Ready or not, Colorado Rockies fans, the days where “it’s early” can be used as an excuse or explanation for numbers and trends is rapidly coming to a close, if it hasn’t already. I, like many of you, have been a Rockies fan for a long time and I can’t remember a more confounding season than this one.
To explain why, take the last week’s worth of ballgames for the Rockies as a for-instance. The Rockies lost the final game of the Angels series, lost three of four at home to the Brewers, and then split a two game set against the Padres. That’s some bad baseball and a 2-5 record to show for it. Yet … Colorado actually moved one game closer to the National League West division lead during that stretch. As of this writing, the Rockies are just 2.5 games back of the free-falling Dbacks, and several games clear of the Giants and Dodgers (LOL).
The last week has been a microcosm for the Rockies season in a way. Despite inconsistent and frankly hard-to-watch baseball at times, you can look at the standings and be pretty comfortable with where the Rockies sit. If this were a football game, I see the season so far as if my team is tied at the end of the first quarter, despite turning the ball over three times. You feel lucky to be in the game, but you have time to make adjustments. For the Rockies to end up where they want to end up, they have three quarters to make those adjustments.
The Rockies have played 43 games — just over a quarter of the season. My colleague recently wrote a piece examining the 2018 Rockies and how they stacked up to the 2017 version by the numbers. I wanted to look into just how the Rockies’ 43-game start stacks up historically to the 43-game starts of Rockies past, and then look into where the Rockies stack up against the playoff teams of years past so we know exactly where they stand heading into the second quarter.
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For both measures, I looked at the last 15 years, going back to the 2003 season. This year’s Rockies are 23-20, which is actually the team’s fourth-best mark through 43 games since 2003. On average, Colorado is actually three games the other way, 20-23, at this point. So in that respect, we could consider the first quarter for the Rockies season a success from a record standpoint.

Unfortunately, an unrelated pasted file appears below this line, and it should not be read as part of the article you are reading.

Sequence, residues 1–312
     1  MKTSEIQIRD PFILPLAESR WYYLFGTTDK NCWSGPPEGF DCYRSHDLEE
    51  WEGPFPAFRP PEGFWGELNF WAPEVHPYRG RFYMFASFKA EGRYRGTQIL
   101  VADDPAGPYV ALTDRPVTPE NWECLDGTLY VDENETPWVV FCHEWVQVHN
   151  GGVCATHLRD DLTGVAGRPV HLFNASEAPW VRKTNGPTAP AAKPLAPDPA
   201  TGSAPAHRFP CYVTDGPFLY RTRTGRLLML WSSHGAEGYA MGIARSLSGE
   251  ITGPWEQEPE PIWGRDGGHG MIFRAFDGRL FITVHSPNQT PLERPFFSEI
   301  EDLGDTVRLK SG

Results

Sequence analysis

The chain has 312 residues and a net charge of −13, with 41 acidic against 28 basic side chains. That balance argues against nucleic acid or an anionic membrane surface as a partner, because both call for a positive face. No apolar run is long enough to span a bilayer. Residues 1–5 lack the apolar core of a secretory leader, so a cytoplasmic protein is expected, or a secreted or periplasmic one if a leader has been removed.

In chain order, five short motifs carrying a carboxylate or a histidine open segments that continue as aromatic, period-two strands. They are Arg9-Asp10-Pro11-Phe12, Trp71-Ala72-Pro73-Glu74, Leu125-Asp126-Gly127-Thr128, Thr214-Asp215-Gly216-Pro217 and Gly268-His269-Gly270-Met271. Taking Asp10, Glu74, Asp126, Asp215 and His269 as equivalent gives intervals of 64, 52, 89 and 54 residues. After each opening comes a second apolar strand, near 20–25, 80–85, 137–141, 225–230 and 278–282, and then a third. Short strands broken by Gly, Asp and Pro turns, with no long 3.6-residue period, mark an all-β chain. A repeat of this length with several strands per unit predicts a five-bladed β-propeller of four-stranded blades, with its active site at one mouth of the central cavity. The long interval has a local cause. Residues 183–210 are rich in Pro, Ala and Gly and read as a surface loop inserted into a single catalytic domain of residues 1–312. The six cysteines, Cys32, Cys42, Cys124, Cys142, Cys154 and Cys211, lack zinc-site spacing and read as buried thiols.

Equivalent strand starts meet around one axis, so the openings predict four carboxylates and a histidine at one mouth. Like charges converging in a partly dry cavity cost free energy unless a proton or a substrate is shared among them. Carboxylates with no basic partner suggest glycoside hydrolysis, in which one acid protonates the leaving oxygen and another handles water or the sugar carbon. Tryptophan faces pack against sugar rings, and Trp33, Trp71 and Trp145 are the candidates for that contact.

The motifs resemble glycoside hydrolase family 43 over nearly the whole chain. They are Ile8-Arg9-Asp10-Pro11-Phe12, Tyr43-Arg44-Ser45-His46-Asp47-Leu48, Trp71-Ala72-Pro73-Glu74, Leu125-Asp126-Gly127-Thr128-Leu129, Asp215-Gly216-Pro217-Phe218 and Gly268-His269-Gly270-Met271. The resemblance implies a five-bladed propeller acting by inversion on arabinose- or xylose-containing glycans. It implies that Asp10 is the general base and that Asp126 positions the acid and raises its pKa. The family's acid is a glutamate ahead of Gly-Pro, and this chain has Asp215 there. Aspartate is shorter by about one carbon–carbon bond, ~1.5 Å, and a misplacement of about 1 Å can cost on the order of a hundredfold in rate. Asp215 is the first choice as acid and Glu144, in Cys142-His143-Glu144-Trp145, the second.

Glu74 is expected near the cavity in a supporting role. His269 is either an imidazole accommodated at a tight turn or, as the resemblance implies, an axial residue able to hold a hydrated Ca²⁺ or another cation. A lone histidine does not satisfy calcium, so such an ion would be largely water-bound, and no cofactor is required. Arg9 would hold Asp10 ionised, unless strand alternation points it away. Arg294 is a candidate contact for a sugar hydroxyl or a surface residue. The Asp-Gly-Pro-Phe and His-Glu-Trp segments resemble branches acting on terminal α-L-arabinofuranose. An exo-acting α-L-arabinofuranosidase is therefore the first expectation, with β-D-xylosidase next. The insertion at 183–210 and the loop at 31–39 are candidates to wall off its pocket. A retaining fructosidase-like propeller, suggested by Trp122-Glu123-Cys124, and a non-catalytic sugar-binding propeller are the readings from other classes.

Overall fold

Only three seasons did the Rockies have a better mark at this point in the year: Last year, when they got off to a roaring 27-16 start, and two seasons where they began 24-19 (2006, 2014). For this year’s team, however, with all of the preseason expectations, I think everybody in that clubhouse would tell you the record should be better with the talent they have.
Looking back and competing against yourself is healthy and all, but what about how the season at the quarter post stacks up against every playoff team since 2003? To find out, I researched what each playoff team’s record was on May 15 of that respective year. Since this season started earlier than past seasons (and thus we have played more games by May 15 than teams past), we will go by win percentage.
The average win percentage of every playoff team since 2003 on May 15 of the season they went to the playoffs is 0.566. Teams have been as good as the 2016 World Champion Cubs, who were 27-9 on May 15, and as bad as the 2005 Houston Astros, who were 14-23 on May 15 before going on to a playoff berth.
Applied to 43 games, where the Rockies are now, the average of a 0.566 winning percentage would be roughly a 24-19 record. As discussed above, the Rockies are 23-20, just a game off that pace. So, historically speaking, both comparing this season to past Rockies seasons as well as former playoff teams’ seasons league-wide, the Rockies are JUST FINE. I type it in caps because I need that reminder more than anyone. The Rockies are hanging in there.
I’m sure the Rockies are acutely aware of the major problems they’ve run into the first quarter of the year (bad pitching at home, inconsistent offense everywhere), and they are still, somehow, right where they need to be to achieve their goal of being a playoff team. I hope that fills them with a bit of confidence, but also a respect for the fact that the way they’ve played so far might not cut it the rest of the year. Nay, will not cut it the rest of the year.
It’s getting too late to say “It’s early,” but that doesn’t mean Colorado can’t make adjustments and improve. They’re starting the second quarter thankful to be where they are. Hey Rockies, let’s get to halftime with a big lead.